Hayden voters approve property tax by 10 votes
Voters narrowly approve revenue-boosting measure for schools
Steamboat Springs — By just 10 votes, Hayden voters approved a property tax increase that will generate additional revenue for the school district.
Routt County Clerk and Recorder Kay Weinland said Tuesday that Hayden residents cast 505 ballots in favor of Referendum 3B, while 495 opposed it — a 50.5 percent to 49.5 percent margin.
The measure is expected to generate $321,473 annually for the district for four years.
Hayden School District Superintendent Mike Luppes said the district was happy with the results.
“We are pleased with the fact that there will be some extra monies for next year,” he said. “Obviously, it was definitely close. I’ve had some people talk with me about their concerns. Now, it’s up to the school district to prove we can wisely use that money and earn that trust back that we can provide a good, positive education for the students in this community.”
After the Nov. 2 election, just 14 votes separated approval and rejection of the property tax increase, but 27 provisional ballots and a small number of unsigned mail ballots were yet to be counted.
Weinland said certification of election results to make them official is scheduled for Thursday.
“But it’s not going to change,” she said. “There’s nothing that will change it at this point.”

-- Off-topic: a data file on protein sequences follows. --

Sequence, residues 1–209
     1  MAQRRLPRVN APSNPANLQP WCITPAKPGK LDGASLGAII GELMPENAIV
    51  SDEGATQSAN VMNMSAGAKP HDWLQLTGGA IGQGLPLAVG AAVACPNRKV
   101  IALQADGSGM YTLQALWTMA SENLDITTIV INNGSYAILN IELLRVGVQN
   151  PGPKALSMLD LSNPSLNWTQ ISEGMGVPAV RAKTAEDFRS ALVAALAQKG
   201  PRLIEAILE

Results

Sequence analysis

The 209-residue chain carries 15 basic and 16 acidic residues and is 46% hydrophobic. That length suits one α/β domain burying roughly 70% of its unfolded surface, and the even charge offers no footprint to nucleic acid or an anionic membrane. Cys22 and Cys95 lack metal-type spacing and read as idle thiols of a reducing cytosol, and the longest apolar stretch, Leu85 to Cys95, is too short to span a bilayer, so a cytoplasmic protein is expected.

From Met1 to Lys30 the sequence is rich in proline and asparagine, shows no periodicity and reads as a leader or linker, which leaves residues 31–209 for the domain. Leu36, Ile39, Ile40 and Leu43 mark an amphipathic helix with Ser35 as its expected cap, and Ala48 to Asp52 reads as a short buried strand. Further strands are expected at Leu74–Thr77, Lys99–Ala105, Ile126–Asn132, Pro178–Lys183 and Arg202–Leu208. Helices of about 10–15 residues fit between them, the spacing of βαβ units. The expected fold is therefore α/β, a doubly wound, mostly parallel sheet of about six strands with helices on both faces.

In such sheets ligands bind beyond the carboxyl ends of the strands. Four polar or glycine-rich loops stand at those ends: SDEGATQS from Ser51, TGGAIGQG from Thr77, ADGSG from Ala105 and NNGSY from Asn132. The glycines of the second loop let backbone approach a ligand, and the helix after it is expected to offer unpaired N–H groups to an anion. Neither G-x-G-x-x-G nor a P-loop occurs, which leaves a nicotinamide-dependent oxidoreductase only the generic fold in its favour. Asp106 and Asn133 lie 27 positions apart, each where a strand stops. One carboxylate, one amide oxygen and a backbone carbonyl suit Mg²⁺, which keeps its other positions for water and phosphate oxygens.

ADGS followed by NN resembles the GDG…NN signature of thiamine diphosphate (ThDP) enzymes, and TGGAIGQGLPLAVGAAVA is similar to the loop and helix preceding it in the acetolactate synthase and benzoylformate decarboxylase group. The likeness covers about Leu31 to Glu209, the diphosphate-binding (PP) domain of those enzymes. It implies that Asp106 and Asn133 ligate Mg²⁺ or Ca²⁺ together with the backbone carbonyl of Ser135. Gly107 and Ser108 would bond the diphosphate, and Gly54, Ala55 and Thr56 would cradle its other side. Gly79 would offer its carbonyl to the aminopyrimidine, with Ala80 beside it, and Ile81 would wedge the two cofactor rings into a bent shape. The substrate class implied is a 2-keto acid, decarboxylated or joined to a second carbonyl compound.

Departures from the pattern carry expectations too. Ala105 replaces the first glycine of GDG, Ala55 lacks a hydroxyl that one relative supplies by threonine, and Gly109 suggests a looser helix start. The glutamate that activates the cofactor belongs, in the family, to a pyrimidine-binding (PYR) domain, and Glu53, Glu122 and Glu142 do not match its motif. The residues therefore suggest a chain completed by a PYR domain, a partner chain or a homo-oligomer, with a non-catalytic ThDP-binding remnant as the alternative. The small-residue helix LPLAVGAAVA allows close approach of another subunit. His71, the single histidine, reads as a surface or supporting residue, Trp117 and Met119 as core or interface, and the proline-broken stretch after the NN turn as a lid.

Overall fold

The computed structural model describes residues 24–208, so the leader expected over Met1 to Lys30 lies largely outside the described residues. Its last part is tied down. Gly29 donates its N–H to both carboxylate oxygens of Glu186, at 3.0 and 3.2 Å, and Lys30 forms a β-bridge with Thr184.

And she added that there wouldn’t be a mandatory recount because the margin exceeded 0.5 percent, the state-mandated threshold.
Luppes said any decision about how to spend the additional revenue would go through the Hayden School Board, but some of the funds would be used immediately. He said the district was in dire need of a new hot water heater at the secondary campus, which would cost about $16,000.
Luppes added that most of the funding would be used to address future expected statewide budget cuts. The district cut about $420,000 in the 2010-11 general fund budget because of reduced funding from the state, increased costs of employee health insurance and retirement benefits, salary step increases for employees and a decrease in student numbers.
“A lot of the funding will be used to offset some of the projected decreases in funding and enabling us to still do some of the things we’ll need to do,” Luppes said. “At this point we’ll be conservative until we know exactly what we’re looking at for next year’s budget.”
The School Board has to certify the 2011 calendar year mill levy at its Dec. 15 meeting, Luppes said. He said residents would start paying the additional property tax Jan. 1 and the district would start receiving revenue in March.
The property tax increase will cost residents $24.79 per $100,000 of assessed residential value. It will cost $90.31 per $100,000 of assessed commercial value.
South Routt School District voters approved a similar property tax increase to generate an additional $354,357 for five years for the district, but by a wider margin. More than 56 percent of residents supported the measure.
— To reach Jack Weinstein, call 871-4203 or e-mail firstname.lastname@example.org
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